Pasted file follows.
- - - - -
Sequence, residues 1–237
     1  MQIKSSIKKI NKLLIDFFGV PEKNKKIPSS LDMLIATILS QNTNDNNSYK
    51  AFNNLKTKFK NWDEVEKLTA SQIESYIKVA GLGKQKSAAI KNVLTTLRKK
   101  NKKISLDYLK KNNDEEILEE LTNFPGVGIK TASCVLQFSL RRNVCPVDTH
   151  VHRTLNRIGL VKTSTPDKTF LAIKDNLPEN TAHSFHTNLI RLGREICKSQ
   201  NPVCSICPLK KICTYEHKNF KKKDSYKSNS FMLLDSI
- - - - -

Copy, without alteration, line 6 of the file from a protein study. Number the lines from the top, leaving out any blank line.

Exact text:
   201  NPVCSICPLK KICTYEHKNF KKKDSYKSNS FMLLDSI